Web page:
Rethinking Performance Indicators for Small Businesses

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If you are engaged in any sort of digital marketing, you have access to analytics data. From Google Analytics to Facebook insights – there are more data points available to you now as a small business, than ever before.

In theory, it should be easy to track your marketing ROI and adjust your efforts appropriately. However, the reality is that close to 40% of small and medium businesses are not sure of the ROI of their marketing, and an additional 21% believe their ROI is less than it should be.

Source: Statista

Access to analytics means little if you are not able to extract actionable insights that can grow and improve your business. Let’s talk about a few ideas that will help you get a better grasp on marketing ROI.

Difference between Performance Indicators and Metrics

KPIs, or Key Performance Indicators, are what we use in digital strategic planning to get an idea of marketing effectiveness. Think about it as a vital sign of your marketing health.

Metrics, on the other hand, are the pure data supplied by software like Google Analytics, Facebook Insights or your e-mail marketing provider.

To put things into perspective, you may consider measuring how many Facebook followers you have (metric), but that doesn’t tell you much about inbound leads (KPI) coming into your business.

When putting together a marketing plan, focus on a few KPIs (5 – 7 is usually enough for a small business) that are easy to manage and pull from your analytics. For example: monthly incoming leads cost per conversion, monthly incoming traffic from social media.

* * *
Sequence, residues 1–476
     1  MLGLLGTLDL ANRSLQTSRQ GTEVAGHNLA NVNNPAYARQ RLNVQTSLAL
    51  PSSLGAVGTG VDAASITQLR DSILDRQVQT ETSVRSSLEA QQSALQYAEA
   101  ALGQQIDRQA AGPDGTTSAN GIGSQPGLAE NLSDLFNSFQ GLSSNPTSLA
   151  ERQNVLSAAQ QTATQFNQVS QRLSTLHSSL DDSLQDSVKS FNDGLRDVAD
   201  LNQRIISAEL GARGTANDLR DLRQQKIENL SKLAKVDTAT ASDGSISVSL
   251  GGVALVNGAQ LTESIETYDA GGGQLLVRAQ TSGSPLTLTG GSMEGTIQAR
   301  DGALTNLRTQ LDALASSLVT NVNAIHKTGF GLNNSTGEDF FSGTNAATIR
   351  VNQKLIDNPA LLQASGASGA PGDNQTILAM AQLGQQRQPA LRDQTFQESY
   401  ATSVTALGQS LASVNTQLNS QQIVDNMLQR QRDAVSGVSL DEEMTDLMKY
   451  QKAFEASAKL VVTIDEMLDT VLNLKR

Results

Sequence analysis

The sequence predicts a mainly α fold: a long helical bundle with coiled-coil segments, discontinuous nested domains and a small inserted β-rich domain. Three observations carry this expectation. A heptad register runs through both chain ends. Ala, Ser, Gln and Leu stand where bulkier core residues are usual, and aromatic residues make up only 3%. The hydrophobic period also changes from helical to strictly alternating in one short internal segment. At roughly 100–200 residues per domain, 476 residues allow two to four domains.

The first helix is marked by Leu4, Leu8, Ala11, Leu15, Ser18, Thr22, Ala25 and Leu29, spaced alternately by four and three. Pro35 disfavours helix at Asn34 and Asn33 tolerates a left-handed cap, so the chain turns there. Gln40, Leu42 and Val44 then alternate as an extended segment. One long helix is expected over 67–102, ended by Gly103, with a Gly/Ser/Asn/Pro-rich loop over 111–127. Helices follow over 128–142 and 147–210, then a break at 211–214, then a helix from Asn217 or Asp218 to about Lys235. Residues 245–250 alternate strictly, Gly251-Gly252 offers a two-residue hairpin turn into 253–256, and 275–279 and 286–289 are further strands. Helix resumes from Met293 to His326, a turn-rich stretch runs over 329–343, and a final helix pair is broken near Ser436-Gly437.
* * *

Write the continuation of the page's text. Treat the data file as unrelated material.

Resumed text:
Then, if you notice a rise or fall in one of them over time, you can dig into the metrics to find out the root cause.

Measure What Matters

One common issue I see with small businesses is a lack of focus and clarity. When you are spending time and money on social media, e-mail marketing, and search advertising – what are you actually trying to accomplish?

Having clear objectives for your digital marketing efforts will help tremendously in tracking and generating ROI / ROE (return on engagement).

Even asking a simple question like “What are we using e-mail marketing for?” will help create some clarity.

For example, Shaw uses Twitter for customer service, which reduces wait times and improves customer experience. It also likely creates a reduction in call centre costs (KPI), and improves customer retention (KPI). I can confirm this from a recent personal experience.

Being clear on what your objectives are makes it much easier to select and track KPIs (and the return on your investment). Going with the Shaw example, we might select “new activations via Twitter” as a KPI, or something like a Net Promoter Score (how likely are customer to tell friends about your business), usually sent as a survey after a service chat.

Leading and Lagging Indicators

Now, let’s throw a monkey wrench into things!

Everything we talked about so far is about RESULTS of marketing efforts – the data that is collected after you have performed some marketing.

Now… I would like to consider the inputs. For example, in order to generate a sale from an e-mail marketing campaign (result), you would have to create a marketing e-mail, or an e-mail sequence (input).

In order to improve customer retention over Twitter (result), you would have to reply to customer questions in a timely and professional manner (input).

Successful marketers know that in order to create sustainable marketing growth, they track both inputs and results with the same rigor. In order words, leading and lagging KPIs.

Some ideas for leading KPIs may include: number of articles written for your blog, number of comments left on customers’ Instagram posts, or number of customer service conversations on Twitter.

Putting these three concepts into action will help you get clarity on what’s working, and how well your marketing is contributing to your business success.

Ernest Barbaric is a Certified Executive Coach and Senior Digital Marketing Strategist helping organizations make an impact. With 15 years of experience of working with brands like Yamaha, United Way, and Parks Canada, his unique blend of experience helps clients focus on organic, sustainable growth and purpose-driven leadership both inside and outside the organization.

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